Fitness, or being fit are phrases we hear on almost a daily basis in the media but do we really understand what to be ‘fit’ means and how this can improve not only our ability to perform in the saddle but our general health and wellbeing.
Fitness is defined as ‘the ability to meet the demands of the environment’. The key part of this definition is ‘demands of the environment’. When Sport Scientists start to work with an athlete they first complete a needs analysis. This is something widely used in business but in this context means establishing what the sport involves.
For example, if you were working with a show jumper you would ask yourself a number of questions and research the answers through academic research papers (if possible) to get the most accurate answers. These would include:
How long is a show jumping round?
How often does an equestrian athlete compete in a show jumping competition?
What is the average and peak heart rate of the equestrian athlete during a competition round?
Do athletes have to complete a number of show jumping rounds per competition?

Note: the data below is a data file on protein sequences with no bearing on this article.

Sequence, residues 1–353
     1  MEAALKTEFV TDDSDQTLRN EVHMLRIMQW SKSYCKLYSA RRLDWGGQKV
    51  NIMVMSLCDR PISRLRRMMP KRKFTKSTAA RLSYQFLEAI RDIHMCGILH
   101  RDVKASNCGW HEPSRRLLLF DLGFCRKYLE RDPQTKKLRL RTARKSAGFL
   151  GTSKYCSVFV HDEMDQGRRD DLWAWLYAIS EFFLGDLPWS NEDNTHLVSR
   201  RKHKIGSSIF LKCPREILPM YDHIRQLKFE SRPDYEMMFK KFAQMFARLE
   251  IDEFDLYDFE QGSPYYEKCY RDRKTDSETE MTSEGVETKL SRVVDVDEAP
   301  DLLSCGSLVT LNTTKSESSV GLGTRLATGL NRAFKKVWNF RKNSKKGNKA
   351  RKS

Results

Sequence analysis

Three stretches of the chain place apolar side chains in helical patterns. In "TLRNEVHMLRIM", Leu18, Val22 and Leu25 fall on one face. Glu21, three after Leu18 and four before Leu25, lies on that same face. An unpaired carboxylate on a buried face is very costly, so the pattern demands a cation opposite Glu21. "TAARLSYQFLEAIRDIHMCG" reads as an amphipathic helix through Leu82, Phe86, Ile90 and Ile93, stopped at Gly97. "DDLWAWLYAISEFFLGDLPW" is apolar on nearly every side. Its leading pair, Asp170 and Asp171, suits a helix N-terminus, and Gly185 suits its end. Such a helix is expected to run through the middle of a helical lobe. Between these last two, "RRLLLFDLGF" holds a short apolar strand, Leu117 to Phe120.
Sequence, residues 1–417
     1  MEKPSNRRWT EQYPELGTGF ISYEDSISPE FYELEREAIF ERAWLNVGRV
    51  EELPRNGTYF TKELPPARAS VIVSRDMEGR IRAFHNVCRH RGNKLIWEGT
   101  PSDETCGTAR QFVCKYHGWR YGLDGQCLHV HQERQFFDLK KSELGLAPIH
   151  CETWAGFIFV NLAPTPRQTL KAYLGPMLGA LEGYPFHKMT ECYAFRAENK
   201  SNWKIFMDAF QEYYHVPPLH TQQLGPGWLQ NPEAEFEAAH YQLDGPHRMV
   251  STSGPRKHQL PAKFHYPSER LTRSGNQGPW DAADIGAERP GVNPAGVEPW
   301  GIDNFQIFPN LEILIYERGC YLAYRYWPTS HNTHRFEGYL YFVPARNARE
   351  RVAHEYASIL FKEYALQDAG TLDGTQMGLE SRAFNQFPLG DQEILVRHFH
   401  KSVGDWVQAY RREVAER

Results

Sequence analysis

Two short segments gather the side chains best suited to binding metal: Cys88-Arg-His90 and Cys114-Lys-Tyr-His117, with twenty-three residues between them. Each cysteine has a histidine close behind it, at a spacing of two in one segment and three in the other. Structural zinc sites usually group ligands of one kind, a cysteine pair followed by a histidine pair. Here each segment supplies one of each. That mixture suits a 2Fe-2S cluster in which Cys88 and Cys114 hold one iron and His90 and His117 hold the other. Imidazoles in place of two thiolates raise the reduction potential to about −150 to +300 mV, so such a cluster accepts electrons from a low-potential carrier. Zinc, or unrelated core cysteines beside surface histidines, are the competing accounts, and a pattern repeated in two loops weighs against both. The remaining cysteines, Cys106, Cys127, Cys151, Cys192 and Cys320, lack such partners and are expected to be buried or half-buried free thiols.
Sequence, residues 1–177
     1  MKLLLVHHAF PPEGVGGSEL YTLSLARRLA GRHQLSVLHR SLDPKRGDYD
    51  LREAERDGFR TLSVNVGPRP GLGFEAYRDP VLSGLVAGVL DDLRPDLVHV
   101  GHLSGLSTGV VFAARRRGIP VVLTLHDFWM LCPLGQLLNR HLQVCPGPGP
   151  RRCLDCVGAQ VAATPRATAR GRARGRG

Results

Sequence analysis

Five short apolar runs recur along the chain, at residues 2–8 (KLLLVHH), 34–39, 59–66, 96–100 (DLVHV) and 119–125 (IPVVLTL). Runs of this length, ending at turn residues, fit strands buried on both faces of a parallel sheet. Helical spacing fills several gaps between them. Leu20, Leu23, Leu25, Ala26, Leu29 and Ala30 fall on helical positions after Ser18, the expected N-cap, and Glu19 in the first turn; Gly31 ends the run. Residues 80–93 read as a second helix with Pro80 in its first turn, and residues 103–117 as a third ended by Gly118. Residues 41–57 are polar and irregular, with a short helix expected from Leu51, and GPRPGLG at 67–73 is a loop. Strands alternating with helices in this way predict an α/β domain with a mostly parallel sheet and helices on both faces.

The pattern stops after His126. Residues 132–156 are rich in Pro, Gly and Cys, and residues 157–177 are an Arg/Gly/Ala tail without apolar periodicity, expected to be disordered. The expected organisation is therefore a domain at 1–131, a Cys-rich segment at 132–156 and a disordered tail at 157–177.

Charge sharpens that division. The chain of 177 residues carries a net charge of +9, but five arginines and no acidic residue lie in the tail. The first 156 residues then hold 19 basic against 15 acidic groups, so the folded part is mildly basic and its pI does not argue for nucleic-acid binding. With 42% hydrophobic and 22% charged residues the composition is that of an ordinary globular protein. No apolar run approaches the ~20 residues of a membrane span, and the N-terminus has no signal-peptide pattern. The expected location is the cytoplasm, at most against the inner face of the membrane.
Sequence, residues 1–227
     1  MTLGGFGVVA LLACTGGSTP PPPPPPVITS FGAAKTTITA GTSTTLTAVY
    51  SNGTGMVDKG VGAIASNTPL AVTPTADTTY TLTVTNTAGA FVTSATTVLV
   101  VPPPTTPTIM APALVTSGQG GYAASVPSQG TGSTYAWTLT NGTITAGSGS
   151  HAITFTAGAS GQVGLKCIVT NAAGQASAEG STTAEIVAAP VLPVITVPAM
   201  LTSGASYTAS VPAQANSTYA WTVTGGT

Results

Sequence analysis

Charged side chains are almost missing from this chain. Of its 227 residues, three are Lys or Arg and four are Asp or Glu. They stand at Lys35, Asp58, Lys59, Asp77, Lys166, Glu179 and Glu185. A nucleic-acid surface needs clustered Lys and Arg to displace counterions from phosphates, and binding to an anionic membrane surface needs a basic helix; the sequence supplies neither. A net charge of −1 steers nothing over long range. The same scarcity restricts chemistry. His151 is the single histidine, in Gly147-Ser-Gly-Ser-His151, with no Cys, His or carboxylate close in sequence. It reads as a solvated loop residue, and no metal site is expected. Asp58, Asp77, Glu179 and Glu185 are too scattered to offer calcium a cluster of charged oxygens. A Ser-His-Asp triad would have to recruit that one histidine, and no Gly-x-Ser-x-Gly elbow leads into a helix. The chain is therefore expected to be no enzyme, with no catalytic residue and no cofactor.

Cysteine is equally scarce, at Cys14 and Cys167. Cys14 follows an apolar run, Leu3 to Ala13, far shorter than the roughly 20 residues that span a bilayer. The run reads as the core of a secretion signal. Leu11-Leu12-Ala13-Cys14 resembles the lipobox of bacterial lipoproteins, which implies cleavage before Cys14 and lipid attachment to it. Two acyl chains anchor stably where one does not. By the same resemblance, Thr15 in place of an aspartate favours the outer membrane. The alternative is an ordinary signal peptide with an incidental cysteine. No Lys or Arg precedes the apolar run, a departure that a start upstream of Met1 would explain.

By gathering this basic information, you equip yourself with a greater understanding of the ‘demands of the environment’ and create a description of what the sporting demands are as shown in the picture below.
In understanding the demands the athlete faces when they complete a show jumping round you can start to decide what the most important components of fitness are and therefore select the appropriate types of training to target these areas. All of this training should culminate in the athlete being ‘fit’ to compete in their chosen discipline.
In What is ‘Fitness’ – Part 2 we will investigate what the components of fitness are and how these relate to equestrian sporting performance.